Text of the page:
In fresh autonomous policy, DOT no longer assumes truck driver is human

Updated Oct 14, 2018

“FMCSA regulations will no longer assume that the CMV driver is always a human or that a human is necessarily present onboard a commercial vehicle during its operation.”

That’s the key point from updated guidance on policies for development and deployment of autonomous vehicles issued by the U.S. DOT on Thursday, dubbed Autonomous Vehicles 3.0 (or AV 3.0, for short). It’s a loosened definition of what constitutes a truck driver, with the DOT acknowledging that a driver may not be, in fact, human.

DOT will adapt the definitions of “driver” or “operator” to recognize that such terms could instead refer to automated systems.

“Moving forward, we recognize that a human is not always required behind the wheel,” says Larry Minor, associate administrator for policy and program development at the Federal Motor Carrier Safety Administration.

Minor says the goal of broadening the interpretation is to more clearly define what is expected from the human driver and what is required of a truck’s automated system. The report states that even with ADS in control of a vehicle, “FMCSA retains its authority to take enforcement action if an automated system inhibits safe operation.”

FMCSA says it will also consider an appropriate division of authority between the agency and individual states on how or whether CDL qualifications should apply to computerized driving systems. The agency says many regulations, like those involving inspection, repair and maintenance, can be applied in the context of ADS-equipped commercial trucks and motor coaches.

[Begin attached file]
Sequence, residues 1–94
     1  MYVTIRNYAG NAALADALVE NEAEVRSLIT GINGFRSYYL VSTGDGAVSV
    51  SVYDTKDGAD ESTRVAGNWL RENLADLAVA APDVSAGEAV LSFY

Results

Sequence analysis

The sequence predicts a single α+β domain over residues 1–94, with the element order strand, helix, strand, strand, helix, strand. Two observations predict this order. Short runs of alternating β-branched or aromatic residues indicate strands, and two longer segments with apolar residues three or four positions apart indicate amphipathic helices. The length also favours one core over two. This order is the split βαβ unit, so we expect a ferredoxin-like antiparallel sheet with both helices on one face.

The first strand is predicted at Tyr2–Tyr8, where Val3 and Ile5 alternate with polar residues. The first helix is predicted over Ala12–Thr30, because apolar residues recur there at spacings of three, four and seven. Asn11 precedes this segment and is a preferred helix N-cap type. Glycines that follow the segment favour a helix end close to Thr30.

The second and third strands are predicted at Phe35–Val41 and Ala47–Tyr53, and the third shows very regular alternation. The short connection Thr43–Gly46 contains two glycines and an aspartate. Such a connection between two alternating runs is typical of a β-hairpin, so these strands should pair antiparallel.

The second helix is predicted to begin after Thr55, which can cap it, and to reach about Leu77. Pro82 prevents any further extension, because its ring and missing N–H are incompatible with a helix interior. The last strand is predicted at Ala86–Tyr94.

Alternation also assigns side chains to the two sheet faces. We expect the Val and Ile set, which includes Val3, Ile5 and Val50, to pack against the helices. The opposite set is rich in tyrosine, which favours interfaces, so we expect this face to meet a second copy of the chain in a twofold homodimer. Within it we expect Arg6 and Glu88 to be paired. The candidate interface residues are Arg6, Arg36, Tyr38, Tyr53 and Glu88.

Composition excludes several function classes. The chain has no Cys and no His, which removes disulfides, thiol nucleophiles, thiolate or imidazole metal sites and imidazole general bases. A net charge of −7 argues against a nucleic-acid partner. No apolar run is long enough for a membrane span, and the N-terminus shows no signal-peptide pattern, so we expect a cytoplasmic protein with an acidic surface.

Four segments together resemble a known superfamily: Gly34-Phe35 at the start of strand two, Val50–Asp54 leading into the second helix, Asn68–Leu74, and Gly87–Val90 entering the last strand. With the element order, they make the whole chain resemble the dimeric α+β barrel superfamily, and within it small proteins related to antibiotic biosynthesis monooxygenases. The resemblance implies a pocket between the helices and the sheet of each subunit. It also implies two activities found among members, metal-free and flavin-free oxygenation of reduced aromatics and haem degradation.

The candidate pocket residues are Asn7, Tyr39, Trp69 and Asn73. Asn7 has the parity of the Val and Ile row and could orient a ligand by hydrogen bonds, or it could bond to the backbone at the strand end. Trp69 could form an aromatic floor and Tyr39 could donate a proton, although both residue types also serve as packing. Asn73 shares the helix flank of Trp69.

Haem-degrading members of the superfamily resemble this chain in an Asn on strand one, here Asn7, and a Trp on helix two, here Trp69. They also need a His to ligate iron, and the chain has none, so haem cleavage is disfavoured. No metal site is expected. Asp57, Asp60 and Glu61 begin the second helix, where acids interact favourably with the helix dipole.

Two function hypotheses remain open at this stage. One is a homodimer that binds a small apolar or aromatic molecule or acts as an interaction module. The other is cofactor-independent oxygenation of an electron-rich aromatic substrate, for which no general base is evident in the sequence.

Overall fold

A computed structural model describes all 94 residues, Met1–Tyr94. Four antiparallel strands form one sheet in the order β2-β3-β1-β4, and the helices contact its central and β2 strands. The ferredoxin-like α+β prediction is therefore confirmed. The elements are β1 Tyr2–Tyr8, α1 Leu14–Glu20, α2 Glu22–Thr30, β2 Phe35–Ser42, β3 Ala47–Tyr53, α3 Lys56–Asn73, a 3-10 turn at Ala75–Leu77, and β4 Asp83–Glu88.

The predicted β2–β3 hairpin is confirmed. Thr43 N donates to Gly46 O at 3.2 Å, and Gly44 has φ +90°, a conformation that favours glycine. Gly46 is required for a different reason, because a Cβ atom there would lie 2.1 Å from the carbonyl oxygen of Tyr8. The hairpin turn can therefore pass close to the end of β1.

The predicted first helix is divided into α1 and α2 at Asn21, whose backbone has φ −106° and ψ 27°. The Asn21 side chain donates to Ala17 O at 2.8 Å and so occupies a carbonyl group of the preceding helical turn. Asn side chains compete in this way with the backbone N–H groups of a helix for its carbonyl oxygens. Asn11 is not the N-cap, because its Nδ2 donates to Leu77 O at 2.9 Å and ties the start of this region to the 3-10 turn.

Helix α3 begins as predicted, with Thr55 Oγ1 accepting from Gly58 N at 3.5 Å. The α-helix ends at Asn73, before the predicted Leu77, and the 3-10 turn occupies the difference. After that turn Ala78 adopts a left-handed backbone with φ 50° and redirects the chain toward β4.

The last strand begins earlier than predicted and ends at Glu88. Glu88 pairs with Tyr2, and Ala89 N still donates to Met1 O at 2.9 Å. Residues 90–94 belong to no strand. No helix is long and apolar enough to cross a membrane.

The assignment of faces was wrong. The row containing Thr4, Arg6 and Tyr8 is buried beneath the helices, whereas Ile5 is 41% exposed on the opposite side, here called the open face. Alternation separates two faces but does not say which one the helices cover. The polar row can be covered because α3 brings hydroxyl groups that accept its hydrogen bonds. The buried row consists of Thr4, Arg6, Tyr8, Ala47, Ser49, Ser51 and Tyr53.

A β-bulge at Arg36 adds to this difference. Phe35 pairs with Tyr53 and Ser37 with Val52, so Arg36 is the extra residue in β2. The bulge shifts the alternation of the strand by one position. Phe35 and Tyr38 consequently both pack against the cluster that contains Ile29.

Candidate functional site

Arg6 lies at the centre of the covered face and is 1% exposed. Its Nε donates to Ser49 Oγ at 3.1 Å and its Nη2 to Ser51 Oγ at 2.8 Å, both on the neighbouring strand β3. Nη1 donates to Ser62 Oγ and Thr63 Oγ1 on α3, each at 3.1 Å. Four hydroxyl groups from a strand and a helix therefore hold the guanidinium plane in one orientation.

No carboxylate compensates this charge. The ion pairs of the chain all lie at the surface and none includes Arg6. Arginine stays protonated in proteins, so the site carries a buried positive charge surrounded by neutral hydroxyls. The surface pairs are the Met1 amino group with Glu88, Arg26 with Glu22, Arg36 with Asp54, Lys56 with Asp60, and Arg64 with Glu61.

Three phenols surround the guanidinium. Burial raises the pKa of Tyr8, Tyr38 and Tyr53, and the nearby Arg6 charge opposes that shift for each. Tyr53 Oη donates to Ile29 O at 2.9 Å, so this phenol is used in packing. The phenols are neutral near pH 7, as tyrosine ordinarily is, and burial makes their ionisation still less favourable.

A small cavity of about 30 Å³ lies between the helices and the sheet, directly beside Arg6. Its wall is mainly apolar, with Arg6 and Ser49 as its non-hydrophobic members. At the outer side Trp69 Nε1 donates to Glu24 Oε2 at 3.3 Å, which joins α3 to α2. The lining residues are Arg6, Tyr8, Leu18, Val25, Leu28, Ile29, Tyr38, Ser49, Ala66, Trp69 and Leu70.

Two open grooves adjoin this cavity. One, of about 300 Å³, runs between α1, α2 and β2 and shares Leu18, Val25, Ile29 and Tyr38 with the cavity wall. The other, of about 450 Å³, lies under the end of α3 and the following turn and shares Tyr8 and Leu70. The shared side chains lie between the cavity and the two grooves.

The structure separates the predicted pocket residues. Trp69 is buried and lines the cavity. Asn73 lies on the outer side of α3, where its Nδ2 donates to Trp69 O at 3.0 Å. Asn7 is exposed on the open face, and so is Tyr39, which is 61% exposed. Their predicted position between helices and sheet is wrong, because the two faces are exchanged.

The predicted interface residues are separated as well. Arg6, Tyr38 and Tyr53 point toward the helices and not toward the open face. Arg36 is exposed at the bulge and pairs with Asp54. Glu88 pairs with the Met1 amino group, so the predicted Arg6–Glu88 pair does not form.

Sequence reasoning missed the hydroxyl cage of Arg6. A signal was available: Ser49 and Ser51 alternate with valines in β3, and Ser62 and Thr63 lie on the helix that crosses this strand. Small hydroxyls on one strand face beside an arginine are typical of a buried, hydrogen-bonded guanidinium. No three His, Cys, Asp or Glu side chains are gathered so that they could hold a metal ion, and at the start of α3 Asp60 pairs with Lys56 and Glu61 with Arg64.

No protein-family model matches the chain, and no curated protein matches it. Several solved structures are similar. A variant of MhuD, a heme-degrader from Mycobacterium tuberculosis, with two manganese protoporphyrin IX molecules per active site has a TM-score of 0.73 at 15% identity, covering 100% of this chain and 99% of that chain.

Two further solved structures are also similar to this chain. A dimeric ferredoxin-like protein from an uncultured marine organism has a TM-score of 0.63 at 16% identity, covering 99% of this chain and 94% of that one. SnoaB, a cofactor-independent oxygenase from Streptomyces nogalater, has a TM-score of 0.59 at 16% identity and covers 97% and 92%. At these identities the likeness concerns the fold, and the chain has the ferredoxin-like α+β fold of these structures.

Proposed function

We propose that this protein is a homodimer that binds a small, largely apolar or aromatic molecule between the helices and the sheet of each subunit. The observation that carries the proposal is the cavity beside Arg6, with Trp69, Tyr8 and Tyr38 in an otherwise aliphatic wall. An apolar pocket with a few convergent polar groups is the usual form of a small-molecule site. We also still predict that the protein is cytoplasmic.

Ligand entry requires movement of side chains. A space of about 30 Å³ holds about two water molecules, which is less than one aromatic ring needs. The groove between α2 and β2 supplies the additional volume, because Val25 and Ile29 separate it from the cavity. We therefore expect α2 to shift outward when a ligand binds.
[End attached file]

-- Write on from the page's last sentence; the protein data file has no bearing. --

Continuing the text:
U.S Secretary of Transportation Elaine Chao notes that while automated systems have made strides in technology and safety, much work still lies ahead. More than 75 percent of the motoring public say they are apprehensive about sharing the road with autonomous vehicles.

“While these technologies hold promise, they have not yet won public acceptance,” she says. “Consumer acceptance will be the constraint to growing this technology.”

The DOT will accept public comments on the guidance for 60 days. Comments will be accepted beginning Tuesday, Oct. 9, when the document is scheduled to be published in the Federal Register. Comments can be made by searching Docket No. DOT-OST-2018-0149 at

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DOT will also publish on Oct. 9 a solicitation for comment and feedback on a Congressionally mandated analysis of the impact of autonomous vehicle technologies on the workforce. The study will be conducted by the DOT in consultation with the Department of Labor to analyze the impact of advanced driver assist systems (ADAS) and highway automated vehicles (HAV) technologies on commercial vehicle drivers. Comments can be made at by searching Docket No. DOT-OST-2018-0150.